Grants & Scholarships - monetary gifts that are based on demonstrated financial need
The majority of financial aid awarded to Caltech undergraduates comes from grants. Grants are considered "gift aid": they do not have to repaid or earned. Because of this, grants are the most beneficial form of financial aid.
All scholarships and grants at Caltech are need-based, as the Institute does not have a merit aid program. Undergraduate students who fill out a financial aid application will be automatically considered for scholarships and grants from Caltech and the federal government. Grants are also available from state governments, but the application process varies by state.
1.助学金和奖学金 - 在证明所需资金基础上提供的经济捐赠
Work-Study - an allotment of money that needs to be earned each year by working on-campus or at other eligible institutions
Work-Study is a financial aid program that allows students to earn money for their college expenses through work. Students who participate in the Work-Study program also gain valuable job experience.
As a need-based program, all undergraduate students who submit a financial aid application will be considered for Work-Study. Students are typically awarded $2,500 of Work-Study per year. Freshmen will only be awarded $1,350, since they are not permitted to work during the fall term.
Federal Work-Study is available to students who qualify for federal financial aid (most domestic students). Under the Federal Work-Study program, students may earn money by working for:
Public agencies--including Caltech's Jet Propulsion Laboratory (JPL)
Wages earned under the Federal Work-Study program are subsidized by the federal government. The government will pay 75% of a student's wages, leaving the hiring department to pay the remaining 25%.
The Caltech Work-Study is designed to parallel the Federal Work-Study program, making Work-Study funds available to students who do not qualify for federal financial aid (including most international students). There are a few differences between the two programs, though. Students who receive Caltech Work-Study may only earn money by working for:
The Jet Propulsion Laboratory
Wages earned under the Caltech Work-Study program are subsidized by Caltech's financial aid fund. The fund will pay 60% of a student's wages, leaving the hiring department to pay the remaining 40%.
Student Employment is generally available to all students regardless of whether or not they apply for financial aid. The Caltech Career Development Center is happy to assist students in finding part-time jobs. Students typically work an average of 4-10 hours per week. Students may not work for more than 16 hours per week. First-year students may not work during fall term.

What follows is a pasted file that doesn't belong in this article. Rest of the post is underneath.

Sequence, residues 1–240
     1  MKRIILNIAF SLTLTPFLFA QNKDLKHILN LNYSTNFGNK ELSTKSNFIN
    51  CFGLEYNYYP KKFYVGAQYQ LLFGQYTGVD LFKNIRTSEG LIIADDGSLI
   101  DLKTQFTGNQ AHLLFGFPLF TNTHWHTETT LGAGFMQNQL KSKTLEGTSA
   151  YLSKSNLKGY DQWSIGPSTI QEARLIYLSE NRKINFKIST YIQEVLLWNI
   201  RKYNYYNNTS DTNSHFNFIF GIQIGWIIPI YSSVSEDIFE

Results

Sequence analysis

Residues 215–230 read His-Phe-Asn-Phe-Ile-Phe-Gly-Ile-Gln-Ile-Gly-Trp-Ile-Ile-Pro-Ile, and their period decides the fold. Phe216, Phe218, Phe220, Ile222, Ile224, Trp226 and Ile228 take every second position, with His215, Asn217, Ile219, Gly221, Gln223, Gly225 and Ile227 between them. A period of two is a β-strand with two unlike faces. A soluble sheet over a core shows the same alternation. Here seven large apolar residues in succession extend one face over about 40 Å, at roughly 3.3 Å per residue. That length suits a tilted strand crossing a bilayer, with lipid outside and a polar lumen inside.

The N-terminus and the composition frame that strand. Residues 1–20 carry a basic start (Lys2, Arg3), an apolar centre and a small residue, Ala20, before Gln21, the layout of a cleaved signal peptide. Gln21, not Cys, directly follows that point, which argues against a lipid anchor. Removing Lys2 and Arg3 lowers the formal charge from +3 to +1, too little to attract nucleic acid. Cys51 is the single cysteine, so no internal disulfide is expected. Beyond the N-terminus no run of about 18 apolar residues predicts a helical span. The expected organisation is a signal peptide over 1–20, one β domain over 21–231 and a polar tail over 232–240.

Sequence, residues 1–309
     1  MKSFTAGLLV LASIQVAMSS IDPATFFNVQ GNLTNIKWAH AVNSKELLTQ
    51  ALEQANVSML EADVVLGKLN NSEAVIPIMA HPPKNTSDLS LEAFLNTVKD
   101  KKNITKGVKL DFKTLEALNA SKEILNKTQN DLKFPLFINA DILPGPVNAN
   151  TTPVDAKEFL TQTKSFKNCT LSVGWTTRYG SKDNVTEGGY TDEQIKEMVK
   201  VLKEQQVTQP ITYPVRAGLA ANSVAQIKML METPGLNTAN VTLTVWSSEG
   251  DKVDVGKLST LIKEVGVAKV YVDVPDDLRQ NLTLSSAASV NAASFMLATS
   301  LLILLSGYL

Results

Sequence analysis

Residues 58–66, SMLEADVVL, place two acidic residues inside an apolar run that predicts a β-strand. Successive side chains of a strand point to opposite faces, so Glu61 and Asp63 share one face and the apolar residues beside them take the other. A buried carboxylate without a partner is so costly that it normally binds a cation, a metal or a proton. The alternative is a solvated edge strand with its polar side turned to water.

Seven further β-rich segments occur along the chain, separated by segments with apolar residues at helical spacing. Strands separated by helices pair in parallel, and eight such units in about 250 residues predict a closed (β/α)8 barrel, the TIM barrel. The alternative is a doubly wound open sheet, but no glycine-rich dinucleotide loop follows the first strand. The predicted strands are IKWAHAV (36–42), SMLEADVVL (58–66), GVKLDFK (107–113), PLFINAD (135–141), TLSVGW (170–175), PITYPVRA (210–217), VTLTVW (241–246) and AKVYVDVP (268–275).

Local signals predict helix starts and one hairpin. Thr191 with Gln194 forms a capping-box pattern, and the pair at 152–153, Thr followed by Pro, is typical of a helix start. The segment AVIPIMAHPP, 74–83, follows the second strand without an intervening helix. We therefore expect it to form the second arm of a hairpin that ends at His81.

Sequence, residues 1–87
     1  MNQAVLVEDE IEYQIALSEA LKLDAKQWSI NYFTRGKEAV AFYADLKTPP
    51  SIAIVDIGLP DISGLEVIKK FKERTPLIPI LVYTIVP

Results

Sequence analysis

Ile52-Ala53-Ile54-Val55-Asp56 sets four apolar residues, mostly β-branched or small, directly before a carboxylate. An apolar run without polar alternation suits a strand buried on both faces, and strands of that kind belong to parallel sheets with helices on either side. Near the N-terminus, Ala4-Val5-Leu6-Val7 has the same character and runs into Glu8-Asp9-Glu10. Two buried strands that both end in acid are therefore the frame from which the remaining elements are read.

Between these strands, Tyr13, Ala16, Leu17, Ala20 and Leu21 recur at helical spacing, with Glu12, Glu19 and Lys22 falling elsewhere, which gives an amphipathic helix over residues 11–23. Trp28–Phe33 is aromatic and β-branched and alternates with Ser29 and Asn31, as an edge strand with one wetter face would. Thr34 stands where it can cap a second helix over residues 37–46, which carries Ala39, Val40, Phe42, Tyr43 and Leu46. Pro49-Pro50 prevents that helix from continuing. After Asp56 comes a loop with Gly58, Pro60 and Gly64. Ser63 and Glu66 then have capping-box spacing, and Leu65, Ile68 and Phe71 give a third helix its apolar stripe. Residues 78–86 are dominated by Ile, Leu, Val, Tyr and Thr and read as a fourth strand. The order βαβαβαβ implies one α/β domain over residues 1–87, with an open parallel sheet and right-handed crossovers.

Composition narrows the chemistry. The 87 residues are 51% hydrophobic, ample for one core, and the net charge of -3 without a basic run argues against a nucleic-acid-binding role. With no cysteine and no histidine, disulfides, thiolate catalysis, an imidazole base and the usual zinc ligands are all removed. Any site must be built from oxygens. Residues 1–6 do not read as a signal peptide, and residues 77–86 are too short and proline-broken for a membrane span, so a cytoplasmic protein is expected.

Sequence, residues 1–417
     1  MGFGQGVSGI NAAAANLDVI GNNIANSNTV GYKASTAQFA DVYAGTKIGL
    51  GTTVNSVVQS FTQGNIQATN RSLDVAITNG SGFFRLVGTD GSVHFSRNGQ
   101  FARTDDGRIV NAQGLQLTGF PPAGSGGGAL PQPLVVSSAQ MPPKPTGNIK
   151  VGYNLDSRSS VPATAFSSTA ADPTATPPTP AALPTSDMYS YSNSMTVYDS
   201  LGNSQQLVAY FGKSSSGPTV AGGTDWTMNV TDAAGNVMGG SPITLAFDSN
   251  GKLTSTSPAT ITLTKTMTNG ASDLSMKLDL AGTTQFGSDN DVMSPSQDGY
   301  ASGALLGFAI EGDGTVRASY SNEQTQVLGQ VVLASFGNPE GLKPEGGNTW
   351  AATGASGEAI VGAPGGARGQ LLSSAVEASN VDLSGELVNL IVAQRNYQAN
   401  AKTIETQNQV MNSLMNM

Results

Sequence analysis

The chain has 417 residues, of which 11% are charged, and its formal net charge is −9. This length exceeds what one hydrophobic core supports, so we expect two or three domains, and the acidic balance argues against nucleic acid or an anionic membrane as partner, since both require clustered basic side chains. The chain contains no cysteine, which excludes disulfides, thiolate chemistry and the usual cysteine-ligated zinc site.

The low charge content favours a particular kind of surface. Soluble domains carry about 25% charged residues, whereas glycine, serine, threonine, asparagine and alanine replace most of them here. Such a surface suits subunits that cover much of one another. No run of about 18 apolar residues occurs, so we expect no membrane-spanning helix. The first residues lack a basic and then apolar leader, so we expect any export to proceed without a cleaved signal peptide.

2.勤工俭学 - 属于分配的资金援助，但是需要通过每一年在校内或者其他符合要求的组织的勤工俭学来赚取
Loans - borrowed money that will need to be repaid with interest after leaving school
Loans can be an invaluable resource for financing an education. While loans are a type of financial aid, they are not a gift like grants and scholarships, since loans need to be repaid eventually. Loans are mostly a tool for liquidity management: they allow you to postpone paying for a portion of your education. For the class that graduated in 2014-15, 39 percent graduated with educational debt. The average debt at graduation was $20,667. See more borrowing statistics.
All financial aid applicants are considered for a need-based loan from the Federal Perkins Loan or Caltech Loan programs. If you need additional funding, more federal loans are available through the Federal Stafford Loan and Federal PLUS Loan programs. You may also choose to search for loans on the private lending market.
After filling out a financial aid application, undergraduate students will be considered for all three types of aid. Graduate students are only eligible for loan funding.
3.贷款 - 借款，在完成学业离开学校之后需要连同利息一起偿还
Outside scholarships are gifts that are awarded by external businesses and entities. Outside scholarships are similar to grants as they do not generally need to be repaid or earned through work. Award amounts, eligibility criteria and application procedures will vary by scholarship program.
You may be awarded Work-Study and loans as part of your financial aid package. These types of financial aid are considered "self-help" aid, as they need to be earned or repaid, respectively. Any outside scholarships you earn will be used to replace your Work-Study and loan funds. This will reduce (or even eliminate) the amount of money you will need to earn in school or repay afterwards.
If you are receiving need-based financial aid from Caltech, outside scholarship funds cannot be used to reduce your family's expected contribution. Your total financial aid, including outside resources, cannot exceed your demonstrated financial need. Any scholarship funds that remain after replacing all of the awards listed above will be used to offset a portion of your Caltech Scholarship.
Because of these restrictions, adding an outside scholarship to your package cannot increase the quantity of funds available to you. Outside scholarships can only improve the quality of your package by replacing your self-help aid with gift aid.
For more comprehensive information on Veteran’s Educational Benefits at Caltech, visit the Veteran’s Benefits page on the Caltech Registrar’s website.
Post 9/11 GI Bill
The Yellow Ribbon Program
Note: Veteran’s educational benefits are treated like other outside awards in that they can reduce or replace the self-help (loan and/or work) portion of the aid package. Veteran’s benefits do not reduce or replace the calculated Estimated Family Contribution (EFC) in the determination of eligibility for need-based Caltech financial aid.
Since interpretation of regulations governing veterans’ benefits is subject to change, veterans and their dependents should correspond directly with the Department of Veterans Affairs.